Berlinale Review: Infinite Football

Name me a football fan who hasn’t ever dreamed of managing their favourite club. Personally, I was addicted to Football Director on the Spectrum at an early age. It’s funny how a lot of data can occupy an avid mind. Then Championship Manager and Football Manager took things to another level. I spent hours inventing and imagining anything and everything to do with football but my passion and imagination isn’t on a par with that of Laurentiu Ginghina.

Injured at an early age which prevented him playing football, Ginghina invested his time and enthusiasm into making a better game. He is the subject of Corneliu Porumboiu’s new documentary Infinite Football. Ginghina, a close friend of Porumboiu has spent his life in low level bureaucratic jobs. We get a glimpse into his daily life. His hopes and aspirations. Desperately wanting to change the structure and rules of football or at least create an alternative game to rival one of the most popular sports in the world.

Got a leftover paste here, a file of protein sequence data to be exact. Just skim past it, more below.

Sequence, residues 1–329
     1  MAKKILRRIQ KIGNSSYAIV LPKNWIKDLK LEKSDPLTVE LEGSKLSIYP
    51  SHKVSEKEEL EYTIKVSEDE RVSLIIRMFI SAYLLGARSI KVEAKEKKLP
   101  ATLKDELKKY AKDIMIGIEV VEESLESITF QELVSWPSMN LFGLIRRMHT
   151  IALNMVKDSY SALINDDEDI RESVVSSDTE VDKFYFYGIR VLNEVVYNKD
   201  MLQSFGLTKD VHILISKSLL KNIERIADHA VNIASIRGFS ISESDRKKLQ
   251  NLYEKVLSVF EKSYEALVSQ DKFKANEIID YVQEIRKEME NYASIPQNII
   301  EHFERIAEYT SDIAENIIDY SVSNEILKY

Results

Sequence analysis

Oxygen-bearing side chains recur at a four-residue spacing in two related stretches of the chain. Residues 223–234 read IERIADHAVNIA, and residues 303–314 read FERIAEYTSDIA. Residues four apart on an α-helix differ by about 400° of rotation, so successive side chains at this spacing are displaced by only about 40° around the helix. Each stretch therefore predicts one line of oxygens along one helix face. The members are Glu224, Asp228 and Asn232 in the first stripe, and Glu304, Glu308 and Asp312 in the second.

Infinite Football could easily have been a bore draw, but its Porumboiu’s willingness to let the camera role and allow Ginghina to tell his story which makes it such compelling viewing. The utter chaos and madness of the idea is quite drolly contrasted with the seemingly Kafta-esq nature of his job. Indeed, Infinite Football revels in this chaos, and Porumnboiu isn’t likely to miss an opportunity to add a political angle. Infinite Football is an offbeat gem of a documentary.

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